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Kenai River early-run king salmon fishing will be limited to catch-and-release

  • Author: Beth Bragg
  • Updated: February 15, 2019
  • Published February 14, 2019

Fishing boats drift down the Kenai River in search of salmon. (Erik Hill / ADN archives)

Anglers headed to the Kenai River in search of early-run king salmon this summer can hook the famous fish — but they can’t keep them.

The Alaska Department of Fish and Game, anticipating low returns, Thursday announced restrictions for both the Kenai and Kasilof rivers.

On the Kenai, fishing for kings will be catch-and-release only from May 1 through June 30 from the mouth of the river upstream to the outlet of Skilak Lake. Only unbaited, single-hook fishing will be allowed.

During the same time frame on the Kasilof, the bag-and-possession limit will be a single hatchery king that measures 20 inches or more in length. Use of bait will be prohibited there as well.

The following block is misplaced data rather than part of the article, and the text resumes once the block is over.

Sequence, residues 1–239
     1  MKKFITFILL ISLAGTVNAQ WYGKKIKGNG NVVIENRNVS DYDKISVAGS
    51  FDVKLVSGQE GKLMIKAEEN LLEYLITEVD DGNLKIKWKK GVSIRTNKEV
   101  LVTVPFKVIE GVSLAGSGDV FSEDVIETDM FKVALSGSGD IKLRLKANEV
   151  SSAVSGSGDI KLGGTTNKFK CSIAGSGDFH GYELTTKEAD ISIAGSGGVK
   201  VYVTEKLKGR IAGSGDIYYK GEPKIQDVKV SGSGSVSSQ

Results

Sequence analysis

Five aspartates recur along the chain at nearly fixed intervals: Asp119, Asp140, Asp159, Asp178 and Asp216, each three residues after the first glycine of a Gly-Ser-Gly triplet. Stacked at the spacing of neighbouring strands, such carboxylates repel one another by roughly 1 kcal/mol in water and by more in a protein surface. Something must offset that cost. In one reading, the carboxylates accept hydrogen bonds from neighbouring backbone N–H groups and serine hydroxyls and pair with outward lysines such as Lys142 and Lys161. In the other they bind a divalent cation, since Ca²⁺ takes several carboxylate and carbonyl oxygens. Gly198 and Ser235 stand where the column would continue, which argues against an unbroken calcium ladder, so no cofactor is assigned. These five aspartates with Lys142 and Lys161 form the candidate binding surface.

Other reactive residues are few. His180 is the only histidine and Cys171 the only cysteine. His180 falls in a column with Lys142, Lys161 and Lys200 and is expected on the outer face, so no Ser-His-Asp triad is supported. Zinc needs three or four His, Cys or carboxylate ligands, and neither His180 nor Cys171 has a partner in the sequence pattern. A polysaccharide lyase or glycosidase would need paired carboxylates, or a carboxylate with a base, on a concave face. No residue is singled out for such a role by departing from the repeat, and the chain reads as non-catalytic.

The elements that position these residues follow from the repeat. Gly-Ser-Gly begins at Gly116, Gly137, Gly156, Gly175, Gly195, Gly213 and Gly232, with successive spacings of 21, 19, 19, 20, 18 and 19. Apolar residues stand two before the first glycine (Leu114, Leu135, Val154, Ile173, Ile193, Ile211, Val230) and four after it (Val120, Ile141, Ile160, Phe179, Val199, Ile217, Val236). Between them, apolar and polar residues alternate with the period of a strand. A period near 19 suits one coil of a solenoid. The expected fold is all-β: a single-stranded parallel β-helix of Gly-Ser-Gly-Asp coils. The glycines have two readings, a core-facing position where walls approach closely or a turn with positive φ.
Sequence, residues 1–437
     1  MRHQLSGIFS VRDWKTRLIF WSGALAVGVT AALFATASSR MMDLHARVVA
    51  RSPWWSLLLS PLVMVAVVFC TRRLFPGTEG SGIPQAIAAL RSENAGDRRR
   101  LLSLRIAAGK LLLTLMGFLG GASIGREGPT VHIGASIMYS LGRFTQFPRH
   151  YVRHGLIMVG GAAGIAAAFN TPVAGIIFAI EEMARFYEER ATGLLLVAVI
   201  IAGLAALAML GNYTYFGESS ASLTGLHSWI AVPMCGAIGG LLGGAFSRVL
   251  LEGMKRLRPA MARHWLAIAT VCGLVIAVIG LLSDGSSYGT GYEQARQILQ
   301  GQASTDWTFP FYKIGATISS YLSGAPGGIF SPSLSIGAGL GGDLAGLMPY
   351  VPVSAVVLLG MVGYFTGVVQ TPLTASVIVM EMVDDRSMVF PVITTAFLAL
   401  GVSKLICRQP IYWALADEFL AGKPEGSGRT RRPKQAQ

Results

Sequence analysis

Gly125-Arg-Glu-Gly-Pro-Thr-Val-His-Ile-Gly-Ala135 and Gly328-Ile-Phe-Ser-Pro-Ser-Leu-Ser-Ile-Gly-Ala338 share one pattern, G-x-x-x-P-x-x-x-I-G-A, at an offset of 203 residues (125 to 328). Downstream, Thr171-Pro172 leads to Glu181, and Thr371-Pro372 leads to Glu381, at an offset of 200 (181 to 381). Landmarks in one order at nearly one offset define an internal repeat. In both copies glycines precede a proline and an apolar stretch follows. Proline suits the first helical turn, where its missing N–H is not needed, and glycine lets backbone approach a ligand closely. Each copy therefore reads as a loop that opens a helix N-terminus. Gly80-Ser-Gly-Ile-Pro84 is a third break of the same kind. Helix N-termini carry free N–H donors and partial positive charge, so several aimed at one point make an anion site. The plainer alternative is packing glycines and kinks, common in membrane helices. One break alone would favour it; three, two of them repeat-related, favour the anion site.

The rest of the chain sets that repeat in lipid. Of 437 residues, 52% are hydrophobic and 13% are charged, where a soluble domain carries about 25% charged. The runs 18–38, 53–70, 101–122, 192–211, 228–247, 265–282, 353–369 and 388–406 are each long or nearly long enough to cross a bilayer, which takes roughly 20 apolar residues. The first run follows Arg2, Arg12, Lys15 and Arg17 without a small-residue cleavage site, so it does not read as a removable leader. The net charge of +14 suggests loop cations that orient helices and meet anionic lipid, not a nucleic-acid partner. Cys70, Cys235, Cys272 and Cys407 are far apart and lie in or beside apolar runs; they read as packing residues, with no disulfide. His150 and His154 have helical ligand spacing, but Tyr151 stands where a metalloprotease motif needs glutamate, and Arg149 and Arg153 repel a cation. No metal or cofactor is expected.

Colton Lipka, a Fish and Game biologist in Soldotna, said the restrictions were put in place because of low returns forecast for the Kenai River.

Last summer’s early run fell significantly short of Kenai River escapement goals — the goal was 3,900 to 6,600 large kings, and the reality was 3,000, Lipka said.

The forecast for this year’s early run is 3,200, he said — which again would fall short of escapement goals.

“We will assess (numbers) in-season and amend our management for weaker or stronger runs than forecast,” Lipka said.

Lipka said there is no forecast for kings on the Kasilof, but management of that fishery corresponds with that of the Kenai. Restrictions were placed on the Kasilof because biologists expect “a ballooning effect of people seeking a fish on the Kasilof since the Kenai is catch-and-release,” he said.

Restrictions on the Kenai will be relaxed from July 1-31, when anglers can retain king salmon from the mouth upstream to the Fish and Game markers 300 yards downstream from Slikok Creek. Catch-and-release will still be in place from the Fish and Game marker near Slikok Creek upstream to the outlet of Skilak Lake.

Kenai River escapement goals for king salmon were met in 2015, 2016 and 2017, Lipka said.

Last year’s weak return resulted in the closure of the entire Kenai River for the last several days of June. Prior to that, catch-and-release restrictions had been in place.